Northwest Territories facts for kids

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Northwest Territories
Flag Coat of arms
Motto: (No official motto)
NT
Canadian Provinces and Territories
Capital Yellowknife
Largest city Yellowknife
Largest metro Yellowknife
Official languages
Demonym Northwest Territorian
Government
Type
Commissioner George Tuccaro
Premier Bob McLeod (consensus government)
Legislature Legislative Assembly of the Northwest Territories
Federal representation (in Canadian Parliament)
House seats 1 of 308 (0.3%)
Senate seats 1 of 105 (1%)
Confederation July 15, 1870 (Hudson's Bay Company cedes territory to Canada) (6th)
Area  Ranked 3rd
Total 1,346,106 km2 (519,734 sq mi)
Land 1,183,085 km2 (456,792 sq mi)
Water (%) 163,021 km2 (62,943 sq mi) (12.1%)
Proportion of Canada 13.5% of 9,984,670 km2
Population  Ranked 11th
Total (2016) 41,786
Density (2016) 0.04/km2 (0.10/sq mi)
GDP  Ranked 11th
Total (2011) C$4.791 billion
Per capita C$108,394 (1st)
Abbreviations
Postal NT
ISO 3166-2 CA-NT
Time zone UTC-7
Postal code prefix X0, X1 (Yellowknife)
Flower Mountain avens
Tree Tamarack Larch
Bird Gyrfalcon
Website www.gov.nt.ca
Rankings include all provinces and territories

The Northwest Territories (also known as NWT; French: les Territoires du Nord-Ouest, TNO; Athabaskan languages: Denendeh; Inuinnaqtun: Nunatsiaq; Inuktitut: ᓄᓇᑦᓯᐊᖅ) is a territory of Canada. At a land area of approximately 1,144,000 km2 (442,000 sq mi) and a 2011 population of 41,462, it is the second largest and most populous of the three territories in Northern Canada. Its estimated population as of 2016 is 44,291. Yellowknife became the territorial capital in 1967, following recommendations by the Carrothers Commission.

The Northwest Territories, a portion of the old North-West Territory, entered the Canadian Confederation on July 15, 1870, but the current borders were formed on April 1, 1999, when the territory was subdivided to create Nunavut to the east, via the Nunavut Act and the Nunavut Land Claims Agreement Act. While Nunavut is mostly Arctic tundra, the Northwest Territories has a slightly warmer climate and is both boreal forest (taiga), and tundra, and its most northern regions form part of the Canadian Arctic Archipelago.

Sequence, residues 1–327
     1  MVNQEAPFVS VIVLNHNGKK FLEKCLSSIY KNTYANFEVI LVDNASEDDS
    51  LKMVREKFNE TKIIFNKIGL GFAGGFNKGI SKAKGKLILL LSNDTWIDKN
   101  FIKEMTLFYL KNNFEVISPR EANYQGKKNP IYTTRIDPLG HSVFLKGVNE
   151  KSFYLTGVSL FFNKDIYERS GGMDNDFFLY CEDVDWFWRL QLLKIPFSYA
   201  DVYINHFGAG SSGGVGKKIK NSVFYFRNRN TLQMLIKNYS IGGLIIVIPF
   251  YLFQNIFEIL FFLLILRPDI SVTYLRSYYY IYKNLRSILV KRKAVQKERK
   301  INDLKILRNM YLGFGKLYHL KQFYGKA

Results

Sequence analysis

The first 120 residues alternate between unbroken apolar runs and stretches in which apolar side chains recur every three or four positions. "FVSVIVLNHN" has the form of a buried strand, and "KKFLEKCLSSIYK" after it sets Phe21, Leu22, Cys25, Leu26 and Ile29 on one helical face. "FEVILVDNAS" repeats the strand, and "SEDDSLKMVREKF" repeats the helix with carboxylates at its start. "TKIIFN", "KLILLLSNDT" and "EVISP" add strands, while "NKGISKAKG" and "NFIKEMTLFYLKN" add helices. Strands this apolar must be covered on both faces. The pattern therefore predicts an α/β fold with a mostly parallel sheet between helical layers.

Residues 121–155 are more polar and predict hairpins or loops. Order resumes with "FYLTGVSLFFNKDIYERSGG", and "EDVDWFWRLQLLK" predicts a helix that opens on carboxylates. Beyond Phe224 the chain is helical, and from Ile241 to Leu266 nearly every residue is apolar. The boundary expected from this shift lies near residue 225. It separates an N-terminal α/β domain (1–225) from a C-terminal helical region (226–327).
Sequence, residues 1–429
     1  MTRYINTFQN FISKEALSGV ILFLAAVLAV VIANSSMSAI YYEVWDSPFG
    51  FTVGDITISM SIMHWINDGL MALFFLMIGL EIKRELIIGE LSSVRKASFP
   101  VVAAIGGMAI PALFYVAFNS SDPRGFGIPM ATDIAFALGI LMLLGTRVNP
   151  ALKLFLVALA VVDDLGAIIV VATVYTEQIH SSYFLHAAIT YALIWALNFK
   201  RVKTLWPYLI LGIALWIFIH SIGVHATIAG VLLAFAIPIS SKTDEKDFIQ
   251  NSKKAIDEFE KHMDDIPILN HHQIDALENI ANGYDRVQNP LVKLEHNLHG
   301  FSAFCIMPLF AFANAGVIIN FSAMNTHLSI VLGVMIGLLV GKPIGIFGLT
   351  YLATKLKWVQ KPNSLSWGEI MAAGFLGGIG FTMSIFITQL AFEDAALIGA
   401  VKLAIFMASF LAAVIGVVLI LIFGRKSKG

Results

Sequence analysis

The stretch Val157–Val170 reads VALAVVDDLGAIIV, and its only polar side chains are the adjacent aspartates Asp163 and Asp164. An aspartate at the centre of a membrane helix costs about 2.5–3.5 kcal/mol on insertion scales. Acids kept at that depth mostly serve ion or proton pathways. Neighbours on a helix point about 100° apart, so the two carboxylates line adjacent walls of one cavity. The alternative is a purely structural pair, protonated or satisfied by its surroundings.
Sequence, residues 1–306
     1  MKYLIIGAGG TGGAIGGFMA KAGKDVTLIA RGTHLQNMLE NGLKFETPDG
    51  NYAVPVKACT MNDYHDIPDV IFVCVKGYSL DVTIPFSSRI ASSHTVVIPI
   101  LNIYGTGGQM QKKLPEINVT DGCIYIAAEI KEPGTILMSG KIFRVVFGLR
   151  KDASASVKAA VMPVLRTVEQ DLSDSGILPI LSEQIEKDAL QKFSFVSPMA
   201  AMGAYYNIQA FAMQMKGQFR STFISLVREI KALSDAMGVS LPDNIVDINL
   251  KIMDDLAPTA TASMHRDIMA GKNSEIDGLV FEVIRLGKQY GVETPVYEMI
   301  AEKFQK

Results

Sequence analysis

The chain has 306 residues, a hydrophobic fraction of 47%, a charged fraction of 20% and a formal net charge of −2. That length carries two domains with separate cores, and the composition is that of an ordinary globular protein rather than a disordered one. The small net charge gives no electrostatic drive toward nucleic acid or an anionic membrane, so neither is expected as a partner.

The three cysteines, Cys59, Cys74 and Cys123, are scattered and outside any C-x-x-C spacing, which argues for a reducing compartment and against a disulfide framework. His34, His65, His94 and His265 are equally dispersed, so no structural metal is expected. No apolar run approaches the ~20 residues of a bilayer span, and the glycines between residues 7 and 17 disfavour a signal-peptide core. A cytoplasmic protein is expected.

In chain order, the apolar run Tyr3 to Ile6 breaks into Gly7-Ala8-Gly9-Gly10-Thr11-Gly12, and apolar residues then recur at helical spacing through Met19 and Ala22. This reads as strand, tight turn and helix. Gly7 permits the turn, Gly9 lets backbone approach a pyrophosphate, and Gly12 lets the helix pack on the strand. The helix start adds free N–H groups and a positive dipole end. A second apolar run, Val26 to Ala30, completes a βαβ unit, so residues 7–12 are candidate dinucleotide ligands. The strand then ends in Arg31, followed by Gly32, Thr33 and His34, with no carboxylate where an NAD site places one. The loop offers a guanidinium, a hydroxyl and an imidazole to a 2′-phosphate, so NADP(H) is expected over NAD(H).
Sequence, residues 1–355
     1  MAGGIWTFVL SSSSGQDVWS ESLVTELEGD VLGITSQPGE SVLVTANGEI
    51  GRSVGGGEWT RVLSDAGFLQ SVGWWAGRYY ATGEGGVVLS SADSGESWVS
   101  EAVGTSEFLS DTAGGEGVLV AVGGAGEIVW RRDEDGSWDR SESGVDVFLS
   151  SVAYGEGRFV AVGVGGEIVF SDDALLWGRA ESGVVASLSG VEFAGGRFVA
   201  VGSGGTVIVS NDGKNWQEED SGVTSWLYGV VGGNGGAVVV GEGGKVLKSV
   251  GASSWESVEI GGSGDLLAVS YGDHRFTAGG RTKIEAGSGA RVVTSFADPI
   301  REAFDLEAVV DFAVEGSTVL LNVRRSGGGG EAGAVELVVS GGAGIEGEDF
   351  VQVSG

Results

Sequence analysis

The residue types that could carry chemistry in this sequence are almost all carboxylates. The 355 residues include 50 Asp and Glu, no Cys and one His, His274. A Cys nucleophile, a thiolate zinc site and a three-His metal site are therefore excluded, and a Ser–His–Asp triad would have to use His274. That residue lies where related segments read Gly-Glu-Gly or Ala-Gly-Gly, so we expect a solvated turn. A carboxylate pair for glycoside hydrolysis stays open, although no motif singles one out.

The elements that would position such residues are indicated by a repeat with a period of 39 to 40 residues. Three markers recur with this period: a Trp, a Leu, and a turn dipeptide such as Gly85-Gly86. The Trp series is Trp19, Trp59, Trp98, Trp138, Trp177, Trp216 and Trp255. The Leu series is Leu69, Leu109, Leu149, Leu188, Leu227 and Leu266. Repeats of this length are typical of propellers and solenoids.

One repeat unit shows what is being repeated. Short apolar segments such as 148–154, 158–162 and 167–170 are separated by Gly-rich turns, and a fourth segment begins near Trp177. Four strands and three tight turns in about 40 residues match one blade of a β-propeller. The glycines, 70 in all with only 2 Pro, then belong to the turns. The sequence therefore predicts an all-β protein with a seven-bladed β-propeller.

The Northwest Territories are bordered by Canada's two other territories, Nunavut to the east and Yukon to the west, and by the provinces of British Columbia, Alberta, and Saskatchewan to the south.

Etymology

The name is descriptive, adopted by the British government during the colonial era to indicate where it lay in relation to Rupert's Land. It is shortened from North-Western Territory (see History). In Inuktitut, the Northwest Territories are referred to as ᓄᓇᑦᓯᐊᖅ (Nunatsiaq), "beautiful land."

There was some discussion of changing the name of the Northwest Territories after the splitting off of Nunavut, possibly to a term from an Aboriginal language. One proposal was "Denendeh" (an Athabaskan language word meaning "our land"), as advocated by the former premier Stephen Kakfwi, among others. One of the most popular proposals for a new name – one to name the territory "Bob" – began as a prank, but for a while it was at or near the top in the public-opinion polls.

In the end a poll conducted prior to division showed that strong support remained to keep the name "Northwest Territories". This name arguably became more appropriate following division than it had been when the territories extended far into Canada's north-central and northeastern areas.

Geography

Located in northern Canada, the territory borders Canada's two other territories, Yukon to the west and Nunavut to the east, and three provinces: British Columbia to the southwest, and Alberta and Saskatchewan to the south. It possibly meets Manitoba at a quadripoint to the extreme southeast, though surveys have not been completed. It has a land area of 1,183,085 km2 (456,792 sq mi).